This umbilical cord cutting issue is just one more reason why parents give birth at home for the safety of their child.  If parents are planning to go to a hospital to give birth, I recommend that they plan a “Lotus Birth“.  Keep the baby, placenta and cord all together until they bring the baby home.  I’m sure the hospital will provide them with a cord clamp and they can be assured that their baby has received his/her full complement of blood from the placenta.  I’ve even read that a few midwives in Australia have managed to have Lotus Birth for clients that needed cesarean section.

6 thoughts on “Cord pulsing policies

  1. A local ob was SO CONCERNED about not clamping the cord. May still be, I try to ignore and avoid him…

    He only permitted the lithotomy position, and if
    the mother was lucky enough to get a vaginal birth and persistent/savvy enough to demand delayed cord clamping, he would “deliver” the baby, and
    immediately admonish the mother not to bring it above the level of the still intact placenta.

    One day, we were talking about his concerns with DCC. He told me he was worried that all of the blood from the baby would drain into the placenta. I
    asked him if the vein in the umbilical cord had the typical venous character, the valves which prevented backflow of blood. “Well, of course!” Are the arteries in the umbilicus under pressure, as they are in the rest of the body? “Well, of course!” Then, what would be the difference between the
    baby or a lower leg? He didn’t have an answer, got irritated at me, and left.

    I haven’t had to face him in birth since (because the mothers I attend know about him, and avoid him), but I’m in clinicals as a student RN at the hospital I avoid (because of their archaic birth/postpartum ideals…) so I figure it’ll happen in the next 4 weeks. Not looking forward to that, but maybe he’s forgotten who I am??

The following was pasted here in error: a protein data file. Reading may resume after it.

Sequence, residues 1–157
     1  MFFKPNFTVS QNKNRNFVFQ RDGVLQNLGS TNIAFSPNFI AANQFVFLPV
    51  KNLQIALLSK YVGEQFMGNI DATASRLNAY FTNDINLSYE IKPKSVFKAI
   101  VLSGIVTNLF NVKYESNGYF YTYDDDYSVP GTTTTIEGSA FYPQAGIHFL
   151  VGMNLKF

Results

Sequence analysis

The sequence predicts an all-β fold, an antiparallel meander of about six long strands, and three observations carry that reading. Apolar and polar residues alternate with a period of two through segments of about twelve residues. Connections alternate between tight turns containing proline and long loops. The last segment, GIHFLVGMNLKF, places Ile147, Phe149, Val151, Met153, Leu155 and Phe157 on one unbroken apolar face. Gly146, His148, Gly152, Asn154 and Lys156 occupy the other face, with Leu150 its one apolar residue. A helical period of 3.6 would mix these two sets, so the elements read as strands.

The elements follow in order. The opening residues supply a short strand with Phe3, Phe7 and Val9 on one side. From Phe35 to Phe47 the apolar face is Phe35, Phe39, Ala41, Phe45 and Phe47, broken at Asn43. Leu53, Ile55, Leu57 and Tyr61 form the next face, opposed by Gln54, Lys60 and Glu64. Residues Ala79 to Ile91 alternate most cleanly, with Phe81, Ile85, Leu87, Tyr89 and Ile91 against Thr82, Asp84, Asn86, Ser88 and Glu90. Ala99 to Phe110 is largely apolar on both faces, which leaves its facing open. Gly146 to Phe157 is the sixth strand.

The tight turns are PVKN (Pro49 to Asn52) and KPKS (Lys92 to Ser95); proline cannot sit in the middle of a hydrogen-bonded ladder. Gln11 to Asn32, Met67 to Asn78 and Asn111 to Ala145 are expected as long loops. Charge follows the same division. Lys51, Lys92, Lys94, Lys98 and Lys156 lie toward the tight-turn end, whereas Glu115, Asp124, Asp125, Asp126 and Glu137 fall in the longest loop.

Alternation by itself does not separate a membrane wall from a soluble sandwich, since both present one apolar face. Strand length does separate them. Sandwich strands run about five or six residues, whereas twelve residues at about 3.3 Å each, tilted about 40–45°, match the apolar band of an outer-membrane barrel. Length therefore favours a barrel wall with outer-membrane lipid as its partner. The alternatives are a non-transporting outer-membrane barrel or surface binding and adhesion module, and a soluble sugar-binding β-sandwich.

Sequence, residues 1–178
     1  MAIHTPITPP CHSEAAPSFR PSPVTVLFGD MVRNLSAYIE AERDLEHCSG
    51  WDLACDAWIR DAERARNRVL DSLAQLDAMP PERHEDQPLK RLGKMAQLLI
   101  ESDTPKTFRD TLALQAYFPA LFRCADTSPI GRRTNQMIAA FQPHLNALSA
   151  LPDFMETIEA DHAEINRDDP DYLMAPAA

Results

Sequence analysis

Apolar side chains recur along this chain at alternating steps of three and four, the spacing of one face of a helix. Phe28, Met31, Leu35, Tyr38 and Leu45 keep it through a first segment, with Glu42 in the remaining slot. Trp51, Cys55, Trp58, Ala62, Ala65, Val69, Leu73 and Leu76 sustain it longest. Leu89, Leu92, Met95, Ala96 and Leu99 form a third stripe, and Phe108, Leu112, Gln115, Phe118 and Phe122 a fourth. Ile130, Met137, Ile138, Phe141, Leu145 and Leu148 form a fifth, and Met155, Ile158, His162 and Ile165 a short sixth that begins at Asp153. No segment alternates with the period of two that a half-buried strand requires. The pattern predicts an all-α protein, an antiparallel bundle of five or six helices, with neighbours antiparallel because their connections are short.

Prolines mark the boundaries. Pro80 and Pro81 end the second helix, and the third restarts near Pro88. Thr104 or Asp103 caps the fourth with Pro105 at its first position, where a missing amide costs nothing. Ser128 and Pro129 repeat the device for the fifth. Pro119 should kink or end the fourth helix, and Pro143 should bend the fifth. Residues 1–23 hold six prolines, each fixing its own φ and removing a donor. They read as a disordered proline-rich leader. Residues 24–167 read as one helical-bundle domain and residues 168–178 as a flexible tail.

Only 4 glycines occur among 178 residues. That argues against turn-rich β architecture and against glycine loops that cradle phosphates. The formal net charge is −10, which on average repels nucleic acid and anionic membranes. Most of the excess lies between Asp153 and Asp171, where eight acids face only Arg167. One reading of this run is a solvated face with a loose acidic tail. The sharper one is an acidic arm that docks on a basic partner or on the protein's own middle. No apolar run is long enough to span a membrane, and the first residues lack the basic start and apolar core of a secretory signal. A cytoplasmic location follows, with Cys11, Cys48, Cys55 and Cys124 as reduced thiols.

2. Here’s another thought…

    One of the “reasons” to immediately clamp the cord is polycythemia. According to my friendly doc, if we don’t clamp the cord immediately, the baby will get too many red blood cells (RBCs), and the influx of cells cause the blood to get sluggish, causing all sorts of problems to the newborn.

    According to my text for my nursing class, polycythemia is the body creating more RBCs due to hypoxia (lack of oxygen). In another place of the text, we are informed that the fetus is in a hypoxic environment inutero, and as a result, the fetal body has elevated levels of erythropoietin (the hormone released by the kidneys to increase RBC production). After birth, the RBCs drop quickly, in response to oxygenation. erythropoietin levels drop in response to oxygen.

    When a baby is born, it takes a while to change from the hypoxic fetal environment, and adjust to an environment where they exchange their own oxygen.


    When the cord is clamped immediately (before the baby is breathing well on it’s own) to prevent polycythemia, we are actually creating a hypoxic post-fetal environment, where the newborn (not the fetus) is creating RBCs to make up for not having enough RBCs. In essence, we are creating the risk of polycythemia.

    Basic physiology tells us the increasing level of carbon dioxide, not lack of oxygen, is what triggers the brain to cause the reflex of breathing. If the supply of oxygen is cut off, we still have to wait for CO2 to build before the brain recognizes the need to breathe.

    This doesn’t begin to touch the subject of persistent fetal circulation – which I think is a result of lack of blood volume due to premature amputation of the placenta.

    Good grief. The baby creates the placenta, it is a part of it’s body, let it decide when it is time to get rid of it, not an outsider.

  3. About time someone finally looked at all this. I can’t believe the rush cord-cutting seems in hospital births. Hopefully eventually this will spread to other countries. Little by little . . .

  4. Pingback: Gloria Lemay » Umbilical Cord Integrity

  5. I always wondered why my 3rd son was bright red for about a week after he was born I have never had a child before or since (10) that colour. He was also my biggest 13lb (looked like a two month old in photos, the only way you can tell he’s not is the umbilical stump was still on him) unassisted homebirth, & fastest delivery 1.5 start of first contraction to catch but he has never been sick fed like a champ (still does) he’s 8yr old now & never had any health problems. Had you ever seen that colour before?